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Rational Emotive Behavioral Therapy

"Helping You, Help Yourself"

Parenting for Transparency

Parenting for Transparency by David Zerella{3:00 minutes to read} I provide therapy for many teenagers and their families who are dealing with a wide array of diagnoses and clinical issues—from oppositional defiance to anxiety to familial challenges and transition. In my practice, I emphasize family attendance and participation in order to maximize transparency.

Transparency is developing an open, honest relationship between parents and children in which conflict is not avoided but discussed candidly. As with all of my work, unconditional self esteem is the cornerstone for successful transparency. Therefore, I help families to understand and remind each other that, although they may not like one another’s behavior, they can still accept (love) each other.

Once a teen understands through repeatedly reinforcing unconditional acceptance that he/she is not being personally attacked or criticized, it is time to introduce transparency. Transparency for teenagers means:

  • Accepting responsibility;
  • Willingly disclosing information to parents; and
  • Admitting wrongdoings.

Most teens require education in understanding that increased independence comes with increased responsibility. That means that by giving their parents more information, even if it is incriminating and results in immediate consequences, they are assisting in creating transparency in the relationship. This can better assist their long-term goal of independence and being trusted.

Sometimes parents will have an increased trust in their teen who is being open and honest. However, some parents fear they are being “played” or manipulated and believe they “must” find out what their child is doing wrong. This may be due to past manipulative behaviors and/or a desire to do what’s best for the child. However, it’s impossible for a parent to completely control the child. Ultimately, when a parent tries to completely control a teen’s behavior, the teen doesn’t stop that behavior but tends to just do it more secretively as to not get caught.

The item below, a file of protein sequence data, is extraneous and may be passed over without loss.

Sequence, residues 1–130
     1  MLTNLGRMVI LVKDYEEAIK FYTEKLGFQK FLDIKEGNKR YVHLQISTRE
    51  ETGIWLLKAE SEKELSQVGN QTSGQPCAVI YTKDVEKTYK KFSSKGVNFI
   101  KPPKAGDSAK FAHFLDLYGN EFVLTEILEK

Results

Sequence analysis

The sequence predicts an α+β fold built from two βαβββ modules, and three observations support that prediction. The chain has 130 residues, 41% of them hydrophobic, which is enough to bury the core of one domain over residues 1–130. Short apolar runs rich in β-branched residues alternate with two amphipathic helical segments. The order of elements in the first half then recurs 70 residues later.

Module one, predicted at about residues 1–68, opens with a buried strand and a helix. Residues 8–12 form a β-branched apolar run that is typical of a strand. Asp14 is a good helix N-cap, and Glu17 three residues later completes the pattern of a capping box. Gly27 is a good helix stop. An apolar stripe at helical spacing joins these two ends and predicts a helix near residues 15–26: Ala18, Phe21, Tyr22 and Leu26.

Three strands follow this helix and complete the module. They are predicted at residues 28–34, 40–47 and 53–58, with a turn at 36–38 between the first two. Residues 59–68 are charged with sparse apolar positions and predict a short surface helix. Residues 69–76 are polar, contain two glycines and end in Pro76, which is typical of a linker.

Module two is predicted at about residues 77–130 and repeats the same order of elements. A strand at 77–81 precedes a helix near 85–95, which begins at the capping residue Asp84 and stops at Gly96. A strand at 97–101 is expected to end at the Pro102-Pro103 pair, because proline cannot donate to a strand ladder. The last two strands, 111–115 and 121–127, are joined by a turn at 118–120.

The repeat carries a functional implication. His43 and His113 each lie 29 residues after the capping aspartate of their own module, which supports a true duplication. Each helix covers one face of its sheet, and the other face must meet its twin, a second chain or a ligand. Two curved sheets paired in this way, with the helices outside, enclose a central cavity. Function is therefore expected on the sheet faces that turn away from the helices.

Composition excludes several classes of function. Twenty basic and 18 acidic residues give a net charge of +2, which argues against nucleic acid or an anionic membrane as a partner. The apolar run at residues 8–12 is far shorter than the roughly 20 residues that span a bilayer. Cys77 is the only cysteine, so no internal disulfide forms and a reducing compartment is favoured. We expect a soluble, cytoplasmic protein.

It is much more beneficial to offer acceptance and provide consequences as needed, without seeking out manipulative or maladaptive behaviors. That is, allow the teen to make mistakes. When it comes to light that the teenager made the mistake, was manipulative or defiant, then provide the consequence. Consequences for not being transparent and getting caught inherently tend to be more severe. This, however, will reinforce for the teen the value of being more forthcoming, even if the immediate response is negative.

Would you like to have a more transparent relationship with your teen? Are you concerned your teen is defiant?

David Zerella, LCSW
CBT Psychological Associates
2171 Jericho Turnpike, Suite 345
Commack, NY. 11725
(631) 486-5140
Office@cbta-ny.com

2017-05-24T07:58:18+00:00 By |0 Comments

About the Author:

David Zerella, LCSW
CBT Psychological Associates
2171 Jericho Turnpike, Suite 345
Commack, NY. 11725
(631) 486-5140
Office@cbta-ny.com

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